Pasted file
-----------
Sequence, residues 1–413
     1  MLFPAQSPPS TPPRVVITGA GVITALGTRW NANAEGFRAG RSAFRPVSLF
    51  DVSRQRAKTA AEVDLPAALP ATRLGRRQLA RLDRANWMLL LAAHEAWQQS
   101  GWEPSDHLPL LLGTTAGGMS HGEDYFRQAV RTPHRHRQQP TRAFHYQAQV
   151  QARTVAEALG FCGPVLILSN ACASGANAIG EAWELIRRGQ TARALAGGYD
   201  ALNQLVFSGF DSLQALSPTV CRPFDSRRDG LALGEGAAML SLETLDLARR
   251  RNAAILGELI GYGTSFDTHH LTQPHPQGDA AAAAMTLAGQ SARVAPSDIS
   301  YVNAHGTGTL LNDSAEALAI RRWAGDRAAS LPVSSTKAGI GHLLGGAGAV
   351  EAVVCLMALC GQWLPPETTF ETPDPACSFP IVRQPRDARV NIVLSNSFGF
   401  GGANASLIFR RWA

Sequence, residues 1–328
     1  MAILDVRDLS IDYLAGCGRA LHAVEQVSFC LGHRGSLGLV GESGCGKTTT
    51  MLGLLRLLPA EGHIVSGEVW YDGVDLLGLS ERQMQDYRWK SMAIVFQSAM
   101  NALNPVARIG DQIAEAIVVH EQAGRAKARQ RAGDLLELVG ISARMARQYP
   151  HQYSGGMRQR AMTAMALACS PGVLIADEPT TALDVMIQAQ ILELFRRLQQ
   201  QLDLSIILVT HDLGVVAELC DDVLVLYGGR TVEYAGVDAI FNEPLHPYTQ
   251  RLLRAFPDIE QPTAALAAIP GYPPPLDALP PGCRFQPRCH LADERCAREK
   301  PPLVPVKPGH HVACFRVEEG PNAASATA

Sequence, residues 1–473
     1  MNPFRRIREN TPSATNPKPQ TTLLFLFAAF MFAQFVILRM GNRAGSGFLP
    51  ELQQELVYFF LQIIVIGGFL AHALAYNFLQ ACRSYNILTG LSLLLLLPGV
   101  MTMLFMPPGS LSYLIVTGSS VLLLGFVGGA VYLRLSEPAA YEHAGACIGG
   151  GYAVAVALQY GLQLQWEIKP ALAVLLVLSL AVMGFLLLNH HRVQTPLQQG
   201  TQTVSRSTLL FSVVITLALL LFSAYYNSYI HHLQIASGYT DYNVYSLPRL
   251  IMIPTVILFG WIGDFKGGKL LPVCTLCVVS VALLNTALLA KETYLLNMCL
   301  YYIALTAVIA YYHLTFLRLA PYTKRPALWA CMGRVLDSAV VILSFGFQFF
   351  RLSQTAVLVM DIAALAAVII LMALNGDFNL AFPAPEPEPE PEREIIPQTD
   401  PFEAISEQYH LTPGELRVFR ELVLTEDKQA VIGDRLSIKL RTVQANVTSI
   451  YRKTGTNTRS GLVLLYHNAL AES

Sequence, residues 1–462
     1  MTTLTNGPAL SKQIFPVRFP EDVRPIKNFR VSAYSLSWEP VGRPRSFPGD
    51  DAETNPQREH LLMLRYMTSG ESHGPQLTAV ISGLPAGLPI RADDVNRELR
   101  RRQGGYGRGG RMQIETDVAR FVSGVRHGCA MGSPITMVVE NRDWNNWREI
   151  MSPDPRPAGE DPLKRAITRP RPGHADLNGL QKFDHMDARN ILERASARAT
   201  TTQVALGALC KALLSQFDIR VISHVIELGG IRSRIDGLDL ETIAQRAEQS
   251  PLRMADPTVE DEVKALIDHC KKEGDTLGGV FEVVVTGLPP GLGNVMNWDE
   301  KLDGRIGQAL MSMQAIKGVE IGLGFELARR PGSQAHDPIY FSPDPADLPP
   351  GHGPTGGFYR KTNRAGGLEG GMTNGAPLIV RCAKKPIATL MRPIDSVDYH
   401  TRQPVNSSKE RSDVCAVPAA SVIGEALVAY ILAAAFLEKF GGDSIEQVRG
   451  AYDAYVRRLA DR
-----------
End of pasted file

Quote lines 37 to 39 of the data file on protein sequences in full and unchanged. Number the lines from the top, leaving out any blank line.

   301  KLDGRIGQAL MSMQAIKGVE IGLGFELARR PGSQAHDPIY FSPDPADLPP
   351  GHGPTGGFYR KTNRAGGLEG GMTNGAPLIV RCAKKPIATL MRPIDSVDYH
   401  TRQPVNSSKE RSDVCAVPAA SVIGEALVAY ILAAAFLEKF GGDSIEQVRG